Town’s Founders Cited (Part 1)

Footnotes to Long Island History

Town’s Founders Cited

June 16, 1953


Thomas R. Bayles


          (Editor’s Note:  This is the first in a series of articles being written by Advance historical writer Thomas R. Bayles in conjunction with the Setauket-Brookhaven Town Tercentenary celebration.)

          In connection with the 300th celebration this year of the founding of Brookhaven town it may be well to review something about those early days.

          It was in the early part of the year 1655 that a party of six men from the English colonies of New England and from Southold first arranged an interview with the chief men of the Setalcott tribe of Indians.  these Indians were located on the shores of those beautiful bays and coves which cluster around the present villages of Setauket and Port Jefferson.

          Those first white men, whose names were John Scudder, John Sweasie, Jonathon Porter, Thomas Mabbs, Robert Cheston and Thomas Charles, purchased from the Indians a tract of land, the limits of which were vaguely described as “next adjoining to the bounds of Nesequagg, and from thence being bounded by a river, or great napock, nerly nemaukak, eastward, and bounded next unto Nesequakee bounds, as by trees being marked doth appear.” (Stony Brook to Port Jefferson)

          The settlers were also given liberty to let their cattle run beyond the bounds of their purchase, and to cut timber as far east as they pleased.  The bounds were to be renewed every two years, and the Indians and the proposed settlers agreed to live on peaceable terms with each other.  The Indians also agreed not to entertain unfriendly Indians near the white settlers.

          The deed to this tract of land was dated April 14, 1655, and contained the signature marks of the Setalcott Sachem Warawasen or Warawakmy, and 14 of his tribesmen.  The consideration given for this purchase was 10 coats, 12 hoes, 12 hatchets, 50 muxes, 100 needles, 6 kettles, 10 fahtoms of wampum, 7 pepx (pipe bowls) of powder, 1 pair child’s stockings, 10 pounds of lead and one dozen knives.

          Now that these advance agents had secured a location for their settlement, and had the assurance of Indian friendship, they returned to the mainland, and plans were made for an early settlement there.  The exact number of the first settlers does not appear, but at the end of five years the number of men comprising the colony, most of them probably heads of families was less than 30 and it was several years before the number increased to the 54 mentioned in the early records.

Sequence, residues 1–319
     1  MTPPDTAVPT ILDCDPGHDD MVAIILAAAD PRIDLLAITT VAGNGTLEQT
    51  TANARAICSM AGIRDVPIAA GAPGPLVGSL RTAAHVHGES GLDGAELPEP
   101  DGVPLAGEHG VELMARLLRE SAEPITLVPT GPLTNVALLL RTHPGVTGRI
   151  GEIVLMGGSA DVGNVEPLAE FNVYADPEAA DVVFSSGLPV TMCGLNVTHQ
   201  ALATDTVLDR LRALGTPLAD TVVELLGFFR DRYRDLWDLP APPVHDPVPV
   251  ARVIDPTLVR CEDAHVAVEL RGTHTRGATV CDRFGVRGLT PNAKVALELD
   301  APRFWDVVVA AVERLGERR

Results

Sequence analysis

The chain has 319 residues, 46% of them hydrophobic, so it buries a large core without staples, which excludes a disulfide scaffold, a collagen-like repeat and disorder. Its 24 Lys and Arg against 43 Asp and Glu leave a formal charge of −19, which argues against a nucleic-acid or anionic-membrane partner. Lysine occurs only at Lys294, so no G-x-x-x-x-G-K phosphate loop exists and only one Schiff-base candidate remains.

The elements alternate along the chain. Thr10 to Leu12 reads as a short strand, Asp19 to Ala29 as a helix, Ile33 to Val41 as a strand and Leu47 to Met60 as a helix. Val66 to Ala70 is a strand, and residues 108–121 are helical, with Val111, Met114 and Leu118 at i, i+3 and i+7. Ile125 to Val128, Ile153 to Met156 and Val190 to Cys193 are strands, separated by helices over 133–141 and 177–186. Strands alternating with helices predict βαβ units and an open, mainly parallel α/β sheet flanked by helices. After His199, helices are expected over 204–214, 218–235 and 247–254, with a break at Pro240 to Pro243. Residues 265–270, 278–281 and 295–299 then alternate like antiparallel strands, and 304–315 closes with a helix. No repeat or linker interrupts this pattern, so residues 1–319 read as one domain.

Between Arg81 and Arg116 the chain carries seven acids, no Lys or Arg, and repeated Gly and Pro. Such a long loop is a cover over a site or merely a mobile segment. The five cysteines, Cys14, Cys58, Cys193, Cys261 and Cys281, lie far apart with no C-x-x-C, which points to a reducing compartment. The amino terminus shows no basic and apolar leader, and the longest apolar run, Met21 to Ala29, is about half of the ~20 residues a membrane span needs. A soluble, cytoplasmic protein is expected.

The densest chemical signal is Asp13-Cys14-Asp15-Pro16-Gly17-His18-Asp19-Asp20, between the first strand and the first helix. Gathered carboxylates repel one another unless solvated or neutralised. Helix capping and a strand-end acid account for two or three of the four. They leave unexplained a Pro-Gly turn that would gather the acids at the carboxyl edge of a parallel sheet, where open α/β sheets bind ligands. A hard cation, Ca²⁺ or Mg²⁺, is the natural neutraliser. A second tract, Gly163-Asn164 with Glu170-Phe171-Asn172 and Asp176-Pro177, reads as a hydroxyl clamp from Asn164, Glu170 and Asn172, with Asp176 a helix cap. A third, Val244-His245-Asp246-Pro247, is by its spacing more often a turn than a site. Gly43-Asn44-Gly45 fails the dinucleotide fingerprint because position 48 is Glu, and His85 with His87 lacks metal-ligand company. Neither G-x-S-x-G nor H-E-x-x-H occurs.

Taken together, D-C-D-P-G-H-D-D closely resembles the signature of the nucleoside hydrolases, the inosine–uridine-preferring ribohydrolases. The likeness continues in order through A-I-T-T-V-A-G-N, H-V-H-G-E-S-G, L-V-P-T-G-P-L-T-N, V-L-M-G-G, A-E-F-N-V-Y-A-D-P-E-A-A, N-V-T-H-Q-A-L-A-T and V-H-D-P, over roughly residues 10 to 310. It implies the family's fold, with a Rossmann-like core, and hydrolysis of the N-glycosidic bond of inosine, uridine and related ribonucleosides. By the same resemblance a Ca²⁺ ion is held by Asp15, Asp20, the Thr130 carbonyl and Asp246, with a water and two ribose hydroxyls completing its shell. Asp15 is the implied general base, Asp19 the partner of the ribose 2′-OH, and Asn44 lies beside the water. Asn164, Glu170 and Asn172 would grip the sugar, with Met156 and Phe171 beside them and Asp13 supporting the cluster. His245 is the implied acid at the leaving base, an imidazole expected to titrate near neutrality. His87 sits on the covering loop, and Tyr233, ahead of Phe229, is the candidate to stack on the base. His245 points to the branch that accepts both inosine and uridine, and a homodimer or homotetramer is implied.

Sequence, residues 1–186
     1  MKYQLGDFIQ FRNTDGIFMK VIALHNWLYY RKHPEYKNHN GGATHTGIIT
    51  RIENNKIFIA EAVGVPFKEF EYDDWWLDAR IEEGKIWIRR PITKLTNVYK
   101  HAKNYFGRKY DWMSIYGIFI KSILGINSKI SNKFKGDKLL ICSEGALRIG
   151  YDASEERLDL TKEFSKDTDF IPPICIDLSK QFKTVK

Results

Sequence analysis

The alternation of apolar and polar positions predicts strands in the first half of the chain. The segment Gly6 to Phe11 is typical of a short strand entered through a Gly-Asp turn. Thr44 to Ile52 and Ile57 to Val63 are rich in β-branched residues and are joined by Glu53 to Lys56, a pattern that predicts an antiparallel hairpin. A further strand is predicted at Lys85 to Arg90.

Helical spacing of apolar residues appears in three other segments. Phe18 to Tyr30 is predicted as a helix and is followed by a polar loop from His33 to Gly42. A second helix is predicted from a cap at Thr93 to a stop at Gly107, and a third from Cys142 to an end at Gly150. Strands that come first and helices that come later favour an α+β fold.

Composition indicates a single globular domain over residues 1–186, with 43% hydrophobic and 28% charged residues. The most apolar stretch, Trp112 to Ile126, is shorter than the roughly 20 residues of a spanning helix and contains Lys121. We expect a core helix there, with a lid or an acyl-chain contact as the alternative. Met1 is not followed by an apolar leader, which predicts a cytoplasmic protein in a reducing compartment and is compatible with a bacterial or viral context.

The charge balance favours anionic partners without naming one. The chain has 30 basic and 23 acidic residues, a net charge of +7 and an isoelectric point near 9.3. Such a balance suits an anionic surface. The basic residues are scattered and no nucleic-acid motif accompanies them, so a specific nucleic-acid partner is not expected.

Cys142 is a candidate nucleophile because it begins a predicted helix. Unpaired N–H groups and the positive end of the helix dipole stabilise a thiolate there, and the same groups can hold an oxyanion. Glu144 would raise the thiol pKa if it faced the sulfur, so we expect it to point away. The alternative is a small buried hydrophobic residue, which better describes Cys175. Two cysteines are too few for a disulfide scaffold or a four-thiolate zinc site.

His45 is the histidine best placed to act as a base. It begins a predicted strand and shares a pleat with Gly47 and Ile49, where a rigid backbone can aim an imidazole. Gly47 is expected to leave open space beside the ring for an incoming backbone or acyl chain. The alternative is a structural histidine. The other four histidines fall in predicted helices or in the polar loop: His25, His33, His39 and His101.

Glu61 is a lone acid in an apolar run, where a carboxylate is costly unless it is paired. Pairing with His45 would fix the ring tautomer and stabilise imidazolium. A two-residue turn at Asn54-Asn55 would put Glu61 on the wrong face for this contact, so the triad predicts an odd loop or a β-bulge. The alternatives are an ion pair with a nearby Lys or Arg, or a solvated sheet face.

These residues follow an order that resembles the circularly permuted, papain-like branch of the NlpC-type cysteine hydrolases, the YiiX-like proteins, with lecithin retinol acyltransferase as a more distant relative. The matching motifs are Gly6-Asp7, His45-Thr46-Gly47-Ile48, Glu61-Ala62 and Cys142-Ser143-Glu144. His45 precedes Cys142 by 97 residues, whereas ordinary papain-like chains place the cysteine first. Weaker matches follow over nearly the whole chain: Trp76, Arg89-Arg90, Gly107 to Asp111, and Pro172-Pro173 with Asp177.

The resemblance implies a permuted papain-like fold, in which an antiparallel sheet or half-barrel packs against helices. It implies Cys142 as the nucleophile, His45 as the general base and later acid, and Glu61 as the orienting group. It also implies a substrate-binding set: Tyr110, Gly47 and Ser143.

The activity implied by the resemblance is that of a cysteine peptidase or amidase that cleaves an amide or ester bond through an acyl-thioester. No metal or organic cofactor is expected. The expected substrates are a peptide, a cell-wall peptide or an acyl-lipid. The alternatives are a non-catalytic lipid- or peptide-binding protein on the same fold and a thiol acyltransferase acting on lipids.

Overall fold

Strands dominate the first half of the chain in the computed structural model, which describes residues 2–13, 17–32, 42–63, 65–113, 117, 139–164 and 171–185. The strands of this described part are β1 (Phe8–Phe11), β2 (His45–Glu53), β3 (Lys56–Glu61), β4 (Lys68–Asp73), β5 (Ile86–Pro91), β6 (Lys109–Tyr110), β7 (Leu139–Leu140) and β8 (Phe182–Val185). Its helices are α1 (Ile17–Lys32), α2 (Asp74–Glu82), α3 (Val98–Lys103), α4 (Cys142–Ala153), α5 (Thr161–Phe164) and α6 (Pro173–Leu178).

First Settlement

          This first settlement was laid out around the meeting house green in Setauket, and was for many years the seat of government, which was of true New England style, with the town meeting used to settle all matters of common interest.

          The judicial and executive functions of each town were exercised by three magistrates, a clerk, a constable and overseers. The chosen clerk was generally known as the recorder.  These officers were elected by the people at their annual town meetings, which were held for the election of officers, enactment of such laws and regulations as the times required, and the hearing of criminal cases.

          When the little band of Puritan forefathers whose names are preserved as the first settlers of this town located their settlement at Setauket, one of the first things they did was to provide for religious services.  It was voted at a town meeting in August, 1657, that when the town should have 30 families, sixty pounds yearly should be paid for a minister.

          The first minister in the town back in 1642 was the Rev. Nathaniel Brewster, a graduate of Harvard.  He commenced his work as the town’s minister in 1665, and tradition has it that he preached his first sermon standing on a large boulder on the green at Setauket.  Mr. Brewster continued as minister for the town until his death in 1690.

          A house of worship, which was also used as a town hall and schoolhouse, was built in 1671.  This was a building 28 feet square, located on a site adjoining the green.  This church stood until a new one was built on an adjoining site in 1715.

          On October 24, 1665, Mathew Prior sold his house lot and house, with glass windows (exceptional in those days), doors and partitions, and all fencing, young apple and other fruit trees to the constable and overseers of the town for the use of the minister, the Rev. Mr. Brewster.



          In last week’s “Tercentenary Topic” by Thomas R. Bayles, it was inadvertently stated through a typographical error that “the first minister in the town back in 1642 was the Rev. Nathaniel Brewster, a graduate of Harvard.  He commenced his work as the town’s minister in 1665.”  Actually, the Rev. Brewster was a 1642 graduate of Harvard, who commenced his work in the town in 1665.

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